Friday, June 19, 2015

Watch out! Bernie Olaf/The Strasson Group's ghosts-&-evil-spirits 'documentary,' WARX2

Perhaps you've heard of the many, many military suicides stemming from our recent, aged and likely-forever-more wars in the middle east? And, if you follow the news, you'll have also heard of how mid-east terrorist groups --  Al-Qaeda to ISIS -- are recruiting western-world youngsters to perform various terrorist acts. Guess what? These are not results of Post-Traumatic-Stress-Disorder (PTSD) in the first instance, or in the second, of old-fashioned brainwashing on the uneasy and pliable minds of our young. No. It's all because of ghosts and evil spirits.

That's right. And the movie under examination here, WARX2 via a fellow named Bernie Olaf and The Strasson Group -- yes, do click on that link and then try to learn more about the "group." Clearly, they don't want you to be able to do this -- is hellbent on convincing us that all these military suicides (and young suicide bombers) are simply suffering from the effects of ghosts and evil spirits (often lumped together here under the moniker of "jinn"). I don't know about some of these brainwashed kids currently in the hands of ISIS, but certainly those men and women who have fought for our country and now exhibit PTSD deserve better than this nitwit movie for help and explanation.

Warx2 gives us plenty of statistic -- if nothing remotely resembling evidence -- but those statistics have more to do with how many continents and countries exist on earth -- hardly earth-shaking evidence of anything beyond simple geography. So where does any proof of Olaf's thesis come in? How is this brainwashing going on? To answer this, we get an explanation of the brain and the heart and other body parts. So? As for the ghosts, we begin with a single silly anecdote told by a guy who works in a club bar and claims to have seen them. I kid you not.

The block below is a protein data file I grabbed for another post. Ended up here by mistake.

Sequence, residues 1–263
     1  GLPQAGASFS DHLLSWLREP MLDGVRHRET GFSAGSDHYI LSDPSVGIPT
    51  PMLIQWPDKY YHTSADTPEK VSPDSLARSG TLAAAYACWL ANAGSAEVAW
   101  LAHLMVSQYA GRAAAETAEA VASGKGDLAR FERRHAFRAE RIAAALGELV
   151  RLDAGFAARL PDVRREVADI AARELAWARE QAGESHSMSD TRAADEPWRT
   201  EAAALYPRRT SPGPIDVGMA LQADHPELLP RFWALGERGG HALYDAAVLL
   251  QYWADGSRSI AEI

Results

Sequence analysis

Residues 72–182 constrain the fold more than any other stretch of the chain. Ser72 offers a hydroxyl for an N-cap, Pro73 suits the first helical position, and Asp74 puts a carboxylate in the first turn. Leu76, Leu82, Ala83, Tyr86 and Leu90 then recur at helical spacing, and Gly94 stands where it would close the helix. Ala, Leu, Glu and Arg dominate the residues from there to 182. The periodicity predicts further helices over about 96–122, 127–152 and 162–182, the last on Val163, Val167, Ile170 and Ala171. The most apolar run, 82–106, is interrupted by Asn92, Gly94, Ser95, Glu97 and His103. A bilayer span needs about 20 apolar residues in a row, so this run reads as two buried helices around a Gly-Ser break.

This is followed eventually by remarks from witch doctors and other men and women who make claims, offering nothing remotely like evidence. Can PTSD really be coupled to spiritual warfare? "Absolutely," declares our Brit-accented narrator, "if you are not rooted in Christ." Uh-oh.

Yes, indeed: What we have here turns out to be one big, fat (two-hour-and-three-minute), pompous, lamebrained commercial for god. At one point we get a complete run-down of all of Moses' commandments, later a partial rendition of The Lord's Prayer, and then, at movie's end, around ten very long minutes of non-stop prayer, in which the same prayer -- "I am asking you, almighty god, please punish all the satan and evil spirits who enter my..." (this same prayer is repeated over and over, first using arms, then legs, then chest, mind, heart, toes, you name it). Following this, we get a new prayer, repeated ad nauseum, using mostly similar body parts, and one brand new one, of which the upcoming is my favorite.  I quote verbatim: "I am asking you, almighty god, please flush and blow all the satan and evil forces from my inside nose."

I think by now, you'll  be able to decide if this is the documentary for you. There is finally something almost childlike, if not utterly childish, about the whole endeavor. Along the way, we're told how "god works just like a bank." If so, the big guy clearly knows little about the machinations of our current banking system.